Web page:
Today’s Prompt Is:
The people in the village continued to treat me as a stranger despite my efforts to participate in the community. It baffled me when just before the dawn of winter, a new man arrived, rescued from the river-an exile of the Queen-and they accepted him as one of their own. Edith told me it was because most people entered the village by the river or were born here; my entrance was a rare thing, almost unheard of. I did not take it to heart too much, following Edith’s advice, but I could not help but feel some anger towards the man.
This man came to us with bad news, worse than I could have imagined. The Temple of Memories was due to be closed down in one mooncycle; the hall would be turned into ‘Ahkmar’s School of Swords and Sorcery’. As though Ahkmar cared for the people, cared what they did or did not learn; I knew he cared not for us, particularly not those of us exiled to this village. Astra’s people rioted in the streets, and they were massacred by the Sun Warriors. Priests and Priestesses were cast out of the city-and those who were not cast out yet would be soon, unless of course they ran first.
We mourned for those who had fallen and we lived then in fear. The Queen had no one left to stop her, for both Evelyn and the King lay dead. The King had died of a sickness only a week before the man was cast out. He had been a servant and he believed that the Queen had poisoned the King. She was crazy-and she was likely to lead a ‘purge of those barbarians’ in the near future-such things had been done before by other monarchs who did not realize that our existence was crucial to the survival of the kingdom.
I practiced my sword now more than ever. We believed the attacks would begin a few days after the temple was officially closed. I woke up earlier and went to bed later so that I could practice as much as possible. Edith sent a messenger to the town of giants-something I wasn’t entirely sure existed-and we began to prepare for a food shortage. I practiced just outside of the town, twenty feet from the fence. Always the man with the long hair watched me. I did my best to ignore him, but it grew more unnerving with each passing day.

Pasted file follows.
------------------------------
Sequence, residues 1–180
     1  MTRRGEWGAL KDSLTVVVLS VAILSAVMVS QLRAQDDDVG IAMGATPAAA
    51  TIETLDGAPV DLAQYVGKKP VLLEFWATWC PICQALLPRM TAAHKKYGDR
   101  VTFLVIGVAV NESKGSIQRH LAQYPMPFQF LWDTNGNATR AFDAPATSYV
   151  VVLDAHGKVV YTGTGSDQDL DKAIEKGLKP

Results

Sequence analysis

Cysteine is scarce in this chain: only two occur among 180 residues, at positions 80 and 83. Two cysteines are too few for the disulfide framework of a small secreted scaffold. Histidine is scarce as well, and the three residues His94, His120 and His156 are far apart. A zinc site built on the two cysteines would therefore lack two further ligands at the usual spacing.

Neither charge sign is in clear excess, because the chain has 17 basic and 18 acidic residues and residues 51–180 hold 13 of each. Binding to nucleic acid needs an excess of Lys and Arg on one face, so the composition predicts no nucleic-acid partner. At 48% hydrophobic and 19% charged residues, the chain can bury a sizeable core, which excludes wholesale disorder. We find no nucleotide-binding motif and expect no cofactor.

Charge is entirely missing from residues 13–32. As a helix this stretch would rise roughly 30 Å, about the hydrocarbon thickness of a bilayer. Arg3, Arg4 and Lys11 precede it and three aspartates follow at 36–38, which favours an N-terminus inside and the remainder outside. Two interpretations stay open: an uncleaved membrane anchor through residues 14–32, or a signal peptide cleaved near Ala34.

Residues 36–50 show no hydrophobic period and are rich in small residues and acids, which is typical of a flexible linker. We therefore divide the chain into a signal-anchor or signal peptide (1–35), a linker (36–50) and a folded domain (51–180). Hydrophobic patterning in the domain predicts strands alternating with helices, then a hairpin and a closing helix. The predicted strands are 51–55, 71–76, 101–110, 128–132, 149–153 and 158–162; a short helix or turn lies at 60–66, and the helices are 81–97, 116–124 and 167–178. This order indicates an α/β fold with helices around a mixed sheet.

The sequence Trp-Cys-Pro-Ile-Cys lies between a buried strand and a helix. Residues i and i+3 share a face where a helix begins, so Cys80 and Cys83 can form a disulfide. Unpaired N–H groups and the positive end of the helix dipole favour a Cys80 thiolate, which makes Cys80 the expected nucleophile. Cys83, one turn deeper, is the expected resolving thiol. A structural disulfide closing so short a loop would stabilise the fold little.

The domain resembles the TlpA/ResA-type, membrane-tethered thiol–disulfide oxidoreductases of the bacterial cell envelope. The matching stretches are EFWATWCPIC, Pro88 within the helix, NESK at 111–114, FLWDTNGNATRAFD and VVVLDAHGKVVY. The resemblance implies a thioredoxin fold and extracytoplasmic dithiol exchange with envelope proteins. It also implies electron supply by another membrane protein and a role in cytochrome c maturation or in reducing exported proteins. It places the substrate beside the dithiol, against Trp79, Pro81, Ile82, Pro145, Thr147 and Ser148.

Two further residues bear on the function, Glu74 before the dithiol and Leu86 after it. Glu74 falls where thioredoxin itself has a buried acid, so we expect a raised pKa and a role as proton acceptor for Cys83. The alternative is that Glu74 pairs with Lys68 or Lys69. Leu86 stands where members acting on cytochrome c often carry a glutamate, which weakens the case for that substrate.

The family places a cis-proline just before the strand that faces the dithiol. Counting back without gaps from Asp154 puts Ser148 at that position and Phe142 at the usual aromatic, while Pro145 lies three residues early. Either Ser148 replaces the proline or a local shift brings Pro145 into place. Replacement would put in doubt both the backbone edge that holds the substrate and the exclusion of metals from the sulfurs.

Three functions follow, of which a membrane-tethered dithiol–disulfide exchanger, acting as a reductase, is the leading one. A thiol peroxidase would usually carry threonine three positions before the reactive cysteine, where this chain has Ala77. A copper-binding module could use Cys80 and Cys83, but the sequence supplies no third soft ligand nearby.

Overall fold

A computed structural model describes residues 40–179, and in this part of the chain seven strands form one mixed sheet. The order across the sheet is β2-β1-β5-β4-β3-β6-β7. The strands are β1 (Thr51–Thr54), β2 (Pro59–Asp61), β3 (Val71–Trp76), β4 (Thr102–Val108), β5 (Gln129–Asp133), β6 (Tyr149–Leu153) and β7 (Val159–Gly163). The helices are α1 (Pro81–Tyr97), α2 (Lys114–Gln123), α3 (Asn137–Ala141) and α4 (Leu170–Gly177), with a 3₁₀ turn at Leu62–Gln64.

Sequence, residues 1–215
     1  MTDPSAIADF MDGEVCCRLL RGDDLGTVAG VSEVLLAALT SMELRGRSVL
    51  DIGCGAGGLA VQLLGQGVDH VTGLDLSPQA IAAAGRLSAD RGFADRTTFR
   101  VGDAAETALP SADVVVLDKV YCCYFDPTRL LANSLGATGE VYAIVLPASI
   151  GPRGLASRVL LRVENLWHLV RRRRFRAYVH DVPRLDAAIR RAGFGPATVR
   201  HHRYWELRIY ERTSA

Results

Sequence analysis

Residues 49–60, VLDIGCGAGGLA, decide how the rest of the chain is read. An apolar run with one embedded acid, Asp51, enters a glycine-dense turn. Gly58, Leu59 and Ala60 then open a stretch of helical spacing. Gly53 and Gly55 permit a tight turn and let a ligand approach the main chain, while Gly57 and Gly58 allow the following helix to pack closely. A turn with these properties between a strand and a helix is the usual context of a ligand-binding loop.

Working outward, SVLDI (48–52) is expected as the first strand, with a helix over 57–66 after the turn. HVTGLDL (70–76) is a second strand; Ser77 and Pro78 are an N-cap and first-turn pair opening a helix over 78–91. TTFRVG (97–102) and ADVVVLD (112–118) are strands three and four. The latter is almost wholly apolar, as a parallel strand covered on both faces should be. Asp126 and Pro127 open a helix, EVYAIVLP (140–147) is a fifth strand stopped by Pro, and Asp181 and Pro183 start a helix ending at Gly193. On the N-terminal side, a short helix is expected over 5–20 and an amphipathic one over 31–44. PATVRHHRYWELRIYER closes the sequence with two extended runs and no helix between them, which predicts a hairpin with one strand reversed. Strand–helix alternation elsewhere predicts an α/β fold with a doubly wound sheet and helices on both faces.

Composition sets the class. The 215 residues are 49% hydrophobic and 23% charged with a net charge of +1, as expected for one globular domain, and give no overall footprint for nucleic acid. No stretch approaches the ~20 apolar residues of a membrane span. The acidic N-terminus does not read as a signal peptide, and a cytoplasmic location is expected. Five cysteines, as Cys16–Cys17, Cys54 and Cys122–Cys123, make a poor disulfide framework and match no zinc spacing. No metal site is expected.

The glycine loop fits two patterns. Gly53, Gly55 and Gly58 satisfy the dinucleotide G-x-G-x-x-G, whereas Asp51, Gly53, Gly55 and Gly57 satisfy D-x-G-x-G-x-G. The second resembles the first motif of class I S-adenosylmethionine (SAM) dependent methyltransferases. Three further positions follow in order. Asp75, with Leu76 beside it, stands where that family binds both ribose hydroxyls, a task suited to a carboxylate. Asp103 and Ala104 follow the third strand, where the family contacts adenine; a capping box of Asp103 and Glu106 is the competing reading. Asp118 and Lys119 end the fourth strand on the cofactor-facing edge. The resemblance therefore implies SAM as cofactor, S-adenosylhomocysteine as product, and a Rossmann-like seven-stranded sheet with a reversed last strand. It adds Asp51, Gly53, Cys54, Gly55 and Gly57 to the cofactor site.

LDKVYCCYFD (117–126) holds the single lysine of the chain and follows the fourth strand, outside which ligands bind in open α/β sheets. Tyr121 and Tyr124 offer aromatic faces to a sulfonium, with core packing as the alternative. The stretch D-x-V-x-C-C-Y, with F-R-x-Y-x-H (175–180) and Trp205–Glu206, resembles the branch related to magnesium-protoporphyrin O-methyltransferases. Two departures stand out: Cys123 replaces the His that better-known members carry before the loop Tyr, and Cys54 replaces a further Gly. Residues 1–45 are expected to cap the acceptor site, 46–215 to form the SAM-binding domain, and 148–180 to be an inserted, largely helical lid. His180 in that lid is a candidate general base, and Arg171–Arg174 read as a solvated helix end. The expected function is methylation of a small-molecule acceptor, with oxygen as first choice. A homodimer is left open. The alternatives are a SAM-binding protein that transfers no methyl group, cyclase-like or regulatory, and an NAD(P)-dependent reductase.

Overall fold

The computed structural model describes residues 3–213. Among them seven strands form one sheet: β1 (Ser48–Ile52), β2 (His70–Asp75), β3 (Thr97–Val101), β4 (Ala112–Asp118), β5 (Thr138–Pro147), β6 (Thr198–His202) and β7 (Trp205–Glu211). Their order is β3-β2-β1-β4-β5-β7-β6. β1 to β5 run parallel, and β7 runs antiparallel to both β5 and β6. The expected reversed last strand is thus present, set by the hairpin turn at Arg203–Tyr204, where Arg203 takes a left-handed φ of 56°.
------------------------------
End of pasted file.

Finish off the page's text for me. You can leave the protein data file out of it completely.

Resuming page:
It was ten days after the man came out of the river when the stranger came to talk to me. As I began to wind down my practice and the sun was setting, he approached me. I finished my routine as though I had not noticed, but then I turned to him. I noticed for the first time a silver pendant the shape of a falcon claw, which held an emerald. It was a beautiful pendant, and something-long lost knowledge, most likely-told me that the pendant was very magical. It gave off its own small aura, an aura which was bright green, though it didn’t seem particularly nourishing or helpful.
He smiled slightly. His teeth were good-or at least better than most of the older locals’ teeth-and his eyes sparkled in a friendly sort of way. I waited for him to speak; I was still not sure if I had anything to say to this man.
“Hello stranger,” he said.
“Hello stranger,” I replied.
“I see you practicing. Are you afraid?”
“Not entirely, for I am skilled with a sword. But one skilled sword will not matter if the queen comes down upon us with an army at her feet.”
“I suppose it will not. What is your name, stranger?” Of course he had to know the answer to this question. Word got around fast in a small town like this. But I supposed I might as well humor him.
“I am Ceri. What is your name, stranger?”
“My name is Donovan. I am a man of many talents, particularly those of magic and archery. I can see you are a woman of equal talents, and I would like to invite you to have dinner with me and my comrades.”
“So I shall,” I said. He turned away and led me to the village. I had no idea what I might find there on this chilly evening, but something about my new friend told me that it was worth finding.